Favorite films

  • Show People
  • The Patsy
  • Blessed Event
  • One-Horse Farmers

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  • The Glass Key

  • The Doll

  • The Reptile

  • Annie Oakley

Recent reviews

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  • The Reptile

    The Reptile

    I have a deep secret that I've never told anyone before: because of a familial curse, I sometimes turn into a murderous snake woman who bites her neighbours to death. Jacqueline Pearce's character in this Hammer horror picture is probably the truest, most affirming representation of what it's like to be a snake woman I know. The movie is also successful as a slow-burn chiller, with compelling period atmosphere, fine performances, and an indelible monster design. A cosy movie to watch when you wake up in the middle of the night with irritated dry skin—at least they're not snake woman bites!

  • Annie Oakley

    Annie Oakley

    A staid circus picture and po-faced biopic made not undiverting but nothing more by the promise of Barbara Stanwyck occasionally being in cowgal clothes and giving you gay feelings ("Gosh, isn't he pretty.") The picture can't imagine that Annie Oakley ever had any character motivation that wasn't a desire to be with her future husband. That future husband (Preston Foster) goes to wild depths to not communicate properly in the final third so to secure some implausible semblance of hapless…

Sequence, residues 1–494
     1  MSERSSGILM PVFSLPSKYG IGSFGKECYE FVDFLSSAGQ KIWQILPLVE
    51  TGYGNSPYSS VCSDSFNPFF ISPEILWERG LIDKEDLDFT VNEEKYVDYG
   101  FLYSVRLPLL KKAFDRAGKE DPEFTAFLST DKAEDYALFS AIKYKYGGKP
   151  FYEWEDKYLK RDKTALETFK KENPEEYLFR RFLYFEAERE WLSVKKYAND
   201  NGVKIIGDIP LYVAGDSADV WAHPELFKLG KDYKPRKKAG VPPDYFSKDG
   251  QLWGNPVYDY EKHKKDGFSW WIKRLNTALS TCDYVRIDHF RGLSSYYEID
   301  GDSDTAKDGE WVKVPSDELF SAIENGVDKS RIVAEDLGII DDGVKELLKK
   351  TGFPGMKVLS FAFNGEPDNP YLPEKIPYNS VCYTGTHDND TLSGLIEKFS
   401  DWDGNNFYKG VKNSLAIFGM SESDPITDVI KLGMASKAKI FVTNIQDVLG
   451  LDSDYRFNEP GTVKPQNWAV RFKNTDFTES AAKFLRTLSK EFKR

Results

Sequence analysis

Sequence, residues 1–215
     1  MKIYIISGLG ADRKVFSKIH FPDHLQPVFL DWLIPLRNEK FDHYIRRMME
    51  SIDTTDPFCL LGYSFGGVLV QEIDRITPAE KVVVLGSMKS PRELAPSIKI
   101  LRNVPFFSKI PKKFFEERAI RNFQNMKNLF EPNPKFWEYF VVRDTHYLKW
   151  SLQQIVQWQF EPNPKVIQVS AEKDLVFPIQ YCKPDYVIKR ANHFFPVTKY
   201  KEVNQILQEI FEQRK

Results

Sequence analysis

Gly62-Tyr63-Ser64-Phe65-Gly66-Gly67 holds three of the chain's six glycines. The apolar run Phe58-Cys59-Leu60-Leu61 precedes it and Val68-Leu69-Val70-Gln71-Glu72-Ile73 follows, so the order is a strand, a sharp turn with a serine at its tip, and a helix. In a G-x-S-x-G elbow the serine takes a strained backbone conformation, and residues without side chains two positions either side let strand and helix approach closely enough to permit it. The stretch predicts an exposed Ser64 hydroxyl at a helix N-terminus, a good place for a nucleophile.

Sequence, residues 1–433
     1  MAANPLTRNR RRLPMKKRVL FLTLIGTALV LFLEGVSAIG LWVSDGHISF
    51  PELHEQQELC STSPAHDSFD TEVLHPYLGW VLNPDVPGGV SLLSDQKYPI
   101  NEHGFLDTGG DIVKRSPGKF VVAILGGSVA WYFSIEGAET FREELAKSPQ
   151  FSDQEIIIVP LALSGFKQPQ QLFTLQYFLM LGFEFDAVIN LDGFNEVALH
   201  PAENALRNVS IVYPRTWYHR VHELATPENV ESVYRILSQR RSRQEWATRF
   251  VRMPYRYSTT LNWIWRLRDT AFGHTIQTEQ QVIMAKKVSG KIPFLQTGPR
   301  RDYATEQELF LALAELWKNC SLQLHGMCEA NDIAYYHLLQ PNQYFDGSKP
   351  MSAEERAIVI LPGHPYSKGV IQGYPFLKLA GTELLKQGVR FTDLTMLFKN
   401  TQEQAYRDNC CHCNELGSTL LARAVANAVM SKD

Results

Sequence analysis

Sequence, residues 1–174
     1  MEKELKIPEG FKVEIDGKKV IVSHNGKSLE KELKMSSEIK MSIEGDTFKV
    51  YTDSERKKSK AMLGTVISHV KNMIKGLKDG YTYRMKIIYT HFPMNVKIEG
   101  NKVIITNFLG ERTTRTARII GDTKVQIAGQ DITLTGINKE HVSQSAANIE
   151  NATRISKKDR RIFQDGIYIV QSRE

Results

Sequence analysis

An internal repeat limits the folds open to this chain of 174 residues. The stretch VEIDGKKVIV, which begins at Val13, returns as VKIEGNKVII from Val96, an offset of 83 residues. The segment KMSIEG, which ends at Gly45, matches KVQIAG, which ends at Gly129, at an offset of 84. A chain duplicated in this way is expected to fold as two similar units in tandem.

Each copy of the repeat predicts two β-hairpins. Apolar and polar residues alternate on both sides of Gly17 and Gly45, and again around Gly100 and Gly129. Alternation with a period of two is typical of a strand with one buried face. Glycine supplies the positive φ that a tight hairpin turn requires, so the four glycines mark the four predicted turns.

Popular reviews

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  • What Happened on Twenty-Third Street, New York City

    What Happened on Twenty-Third Street, New York City

    A woman's skirt shoots up when she walks under the gushing air of a sidewalk grate, fifty-four years before Marilyn's iconic performance in The Seven Year Itch. Only today have I learned the historical significance of this film's title. Why does it happen on Twenty-Third Street? The answer can be found by pairing this film with the 1903 actuality At the Foot of the Flatiron, in which pedestrians clutch their hats and skirts on a windy day on the corner…

  • I Love Melvin

    I Love Melvin

    One of the 50 best films in the history of cinema. Starstruck gal Debbie Reynolds wants to be on the cover of Look magazine — paging Dr. Laura Mulvey? — and apprentice photographer Donald O'Connor promises he'll help. Perfectly trifling, then, but what's remarkable here isn't the what but the how. Its wide-eyed stars direct off Singin' in the Rain (which O'Connor knowingly references with a lamppost leap), the dance numbers here rank among the most creative ever made for…